His proposed keyboard layout placed frequently used keys with the strongest fingers. He also locates more frequently used consonants in the range of the right hand (as the majority of the population is right-handed, and thus is stronger.

Lillian Gilbreth worked hard to help Dvorak promote his system. Indeed his book was filled with references to what had been Dr. Gilbreth's main themes of work methods. This included extensive instruction on proper postures and arrangements of the typing desk (a subject the Gilbreths developed at Remington), as well as what we call the psycho-social aspects of work, of which Dr. Gilbreth was a pioneer.

There were few Dvorak Keyboards produced, after his invention, although you can adjust some computer software to emulate the Dvorak layout, however, the keys require re-labeling. However, the main stumbling block preventing wide acceptance of the keyboard was implementation. Like converting from the English to the Metric system of measurement, converting to the Dvorak Keyboard would take a commitment from schools, manufacturers and currently trained typists. So far, this hasn't happened.

However, before we start a campaign to adopt the Dvorak Keyboard we should look at two important flaws in Dvorak's design. In point of fact, the flaws in the layout were that he didn't read enough of the Gilbreths' original writings on the typewriter.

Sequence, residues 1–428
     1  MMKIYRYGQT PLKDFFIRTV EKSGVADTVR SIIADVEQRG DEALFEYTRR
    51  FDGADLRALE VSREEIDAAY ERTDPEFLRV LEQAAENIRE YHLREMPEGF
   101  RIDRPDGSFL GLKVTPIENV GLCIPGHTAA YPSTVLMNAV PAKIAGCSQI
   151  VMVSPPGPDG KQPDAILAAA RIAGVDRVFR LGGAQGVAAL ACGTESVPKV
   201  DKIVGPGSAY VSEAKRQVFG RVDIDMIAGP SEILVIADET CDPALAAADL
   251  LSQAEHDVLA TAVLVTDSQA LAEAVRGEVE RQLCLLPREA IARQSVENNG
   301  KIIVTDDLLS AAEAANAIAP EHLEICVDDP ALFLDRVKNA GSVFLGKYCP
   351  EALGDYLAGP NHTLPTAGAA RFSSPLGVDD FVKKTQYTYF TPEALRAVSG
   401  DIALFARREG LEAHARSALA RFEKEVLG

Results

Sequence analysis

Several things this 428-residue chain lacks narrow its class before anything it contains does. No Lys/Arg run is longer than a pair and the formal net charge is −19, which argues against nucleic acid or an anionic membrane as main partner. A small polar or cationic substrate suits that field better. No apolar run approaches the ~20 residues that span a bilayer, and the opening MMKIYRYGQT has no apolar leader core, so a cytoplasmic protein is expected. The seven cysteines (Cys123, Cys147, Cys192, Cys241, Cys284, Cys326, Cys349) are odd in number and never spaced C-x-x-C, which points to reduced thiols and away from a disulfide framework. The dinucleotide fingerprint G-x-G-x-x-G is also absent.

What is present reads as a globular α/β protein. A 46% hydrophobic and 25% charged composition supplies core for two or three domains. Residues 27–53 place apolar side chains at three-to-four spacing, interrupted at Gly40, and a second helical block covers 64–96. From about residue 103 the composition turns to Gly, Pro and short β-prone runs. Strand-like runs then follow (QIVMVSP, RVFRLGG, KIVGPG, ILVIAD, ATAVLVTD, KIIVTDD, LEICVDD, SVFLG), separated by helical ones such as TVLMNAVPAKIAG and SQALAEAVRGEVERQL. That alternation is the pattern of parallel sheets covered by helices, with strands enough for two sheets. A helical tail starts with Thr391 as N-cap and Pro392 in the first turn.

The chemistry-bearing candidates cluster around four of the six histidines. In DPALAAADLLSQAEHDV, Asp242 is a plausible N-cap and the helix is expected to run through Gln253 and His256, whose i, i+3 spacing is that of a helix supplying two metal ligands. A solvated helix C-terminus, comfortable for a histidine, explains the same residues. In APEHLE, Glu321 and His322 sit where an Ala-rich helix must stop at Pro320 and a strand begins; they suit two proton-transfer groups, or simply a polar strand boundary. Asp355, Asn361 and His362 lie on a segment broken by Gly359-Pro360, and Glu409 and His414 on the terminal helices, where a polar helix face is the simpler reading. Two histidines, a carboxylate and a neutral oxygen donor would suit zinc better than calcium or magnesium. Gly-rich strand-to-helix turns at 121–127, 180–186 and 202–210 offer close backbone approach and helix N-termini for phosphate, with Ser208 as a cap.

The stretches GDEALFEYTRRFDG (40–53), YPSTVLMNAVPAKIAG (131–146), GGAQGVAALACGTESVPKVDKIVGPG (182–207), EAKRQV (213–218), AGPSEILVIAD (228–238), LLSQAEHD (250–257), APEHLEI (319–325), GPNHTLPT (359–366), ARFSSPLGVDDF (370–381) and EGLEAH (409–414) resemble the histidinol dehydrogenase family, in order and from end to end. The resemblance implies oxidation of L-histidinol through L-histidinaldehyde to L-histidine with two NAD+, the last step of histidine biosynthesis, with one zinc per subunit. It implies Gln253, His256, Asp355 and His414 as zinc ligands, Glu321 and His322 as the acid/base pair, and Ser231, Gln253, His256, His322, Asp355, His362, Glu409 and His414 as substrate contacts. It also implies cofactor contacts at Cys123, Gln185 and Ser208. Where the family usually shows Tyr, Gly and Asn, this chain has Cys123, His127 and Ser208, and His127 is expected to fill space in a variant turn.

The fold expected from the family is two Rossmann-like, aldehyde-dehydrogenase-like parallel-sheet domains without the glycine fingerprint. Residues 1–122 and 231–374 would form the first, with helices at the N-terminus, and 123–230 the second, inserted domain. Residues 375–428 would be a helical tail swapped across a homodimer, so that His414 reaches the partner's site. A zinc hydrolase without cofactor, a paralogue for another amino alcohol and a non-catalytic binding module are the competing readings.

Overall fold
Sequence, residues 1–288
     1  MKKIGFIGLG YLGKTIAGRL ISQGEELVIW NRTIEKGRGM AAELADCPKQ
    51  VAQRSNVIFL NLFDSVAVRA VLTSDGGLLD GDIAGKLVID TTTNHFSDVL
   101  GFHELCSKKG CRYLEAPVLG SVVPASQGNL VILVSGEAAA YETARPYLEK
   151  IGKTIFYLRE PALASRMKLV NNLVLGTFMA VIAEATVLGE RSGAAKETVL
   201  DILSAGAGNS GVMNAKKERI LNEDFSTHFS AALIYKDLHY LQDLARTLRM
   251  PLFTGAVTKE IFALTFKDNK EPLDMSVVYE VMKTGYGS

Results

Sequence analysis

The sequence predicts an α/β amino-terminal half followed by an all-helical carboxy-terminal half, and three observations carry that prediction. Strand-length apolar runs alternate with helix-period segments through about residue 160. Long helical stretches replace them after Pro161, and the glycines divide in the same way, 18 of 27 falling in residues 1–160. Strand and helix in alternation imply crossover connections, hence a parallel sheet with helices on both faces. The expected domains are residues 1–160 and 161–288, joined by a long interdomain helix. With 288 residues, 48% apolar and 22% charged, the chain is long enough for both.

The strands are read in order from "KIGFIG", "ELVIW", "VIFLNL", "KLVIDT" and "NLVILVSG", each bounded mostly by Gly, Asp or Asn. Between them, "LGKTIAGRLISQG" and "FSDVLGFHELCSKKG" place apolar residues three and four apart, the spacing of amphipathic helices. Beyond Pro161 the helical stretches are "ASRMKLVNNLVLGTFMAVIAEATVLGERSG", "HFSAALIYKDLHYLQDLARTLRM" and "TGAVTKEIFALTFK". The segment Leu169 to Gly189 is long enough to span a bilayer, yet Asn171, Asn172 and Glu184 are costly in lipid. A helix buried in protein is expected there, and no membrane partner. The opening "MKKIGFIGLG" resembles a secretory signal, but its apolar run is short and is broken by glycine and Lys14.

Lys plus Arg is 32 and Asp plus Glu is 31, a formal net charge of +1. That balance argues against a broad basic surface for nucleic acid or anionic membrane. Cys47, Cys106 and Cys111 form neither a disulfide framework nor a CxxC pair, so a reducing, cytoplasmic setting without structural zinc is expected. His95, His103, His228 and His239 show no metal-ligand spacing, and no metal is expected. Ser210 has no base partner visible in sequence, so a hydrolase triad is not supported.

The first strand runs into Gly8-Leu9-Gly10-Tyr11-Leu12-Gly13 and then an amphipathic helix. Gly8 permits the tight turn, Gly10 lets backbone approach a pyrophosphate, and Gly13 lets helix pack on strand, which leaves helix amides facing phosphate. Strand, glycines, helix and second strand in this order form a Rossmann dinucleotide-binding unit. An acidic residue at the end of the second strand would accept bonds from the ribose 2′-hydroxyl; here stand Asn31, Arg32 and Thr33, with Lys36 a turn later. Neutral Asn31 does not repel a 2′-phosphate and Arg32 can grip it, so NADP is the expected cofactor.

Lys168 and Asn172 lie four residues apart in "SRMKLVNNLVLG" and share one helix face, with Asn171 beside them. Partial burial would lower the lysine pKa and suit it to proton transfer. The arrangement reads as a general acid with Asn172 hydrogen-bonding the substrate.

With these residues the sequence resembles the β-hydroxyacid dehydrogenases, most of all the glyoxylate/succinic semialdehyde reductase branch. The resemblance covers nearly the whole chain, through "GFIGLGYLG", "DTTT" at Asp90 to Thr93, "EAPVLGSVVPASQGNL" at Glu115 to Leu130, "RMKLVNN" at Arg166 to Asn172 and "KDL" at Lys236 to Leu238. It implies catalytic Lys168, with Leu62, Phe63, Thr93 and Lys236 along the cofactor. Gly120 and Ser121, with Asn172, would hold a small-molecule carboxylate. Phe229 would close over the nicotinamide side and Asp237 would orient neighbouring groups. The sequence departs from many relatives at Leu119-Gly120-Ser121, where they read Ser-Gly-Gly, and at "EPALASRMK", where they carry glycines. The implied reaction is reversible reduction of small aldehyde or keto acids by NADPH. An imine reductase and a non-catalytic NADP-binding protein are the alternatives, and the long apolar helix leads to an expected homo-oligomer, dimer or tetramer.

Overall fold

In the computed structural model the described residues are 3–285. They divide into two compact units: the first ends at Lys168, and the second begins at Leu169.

First of all, he failed to address the issue of frequent letter combinations (in English usage). If you look at the Gilbreths' principles of motions, you will find that sequential movements are most easily performed by alternating the hands with each motion. This develops a rhythm which not only improves speed, but spreads the work evenly. Therefore, in frequent letter combinations like: TH, GH, IE, IES, ER, ST, etc., the keys should be struck by alternate hands (and ideally, with the same finger on each hand). In Dvorak's design, T, H, G, S are all on the right hand side, thus requiring many frequent letter combinations to be done by the same hand or finger in the case of T, G, &H, which are all grouped together.

The second missed opportunity is the location of the space bar. Frank Gilbreth had originally proposed that the space bar be located in the middle of the keyboard layout. This was due to its frequent use in typing. As always, the Gilbreths' empirical assumption has proved correct in latter day ergonomics. Because of the physical position of the thumb, when using the space bar, numerous people are experiencing pain in the lower thumb joint.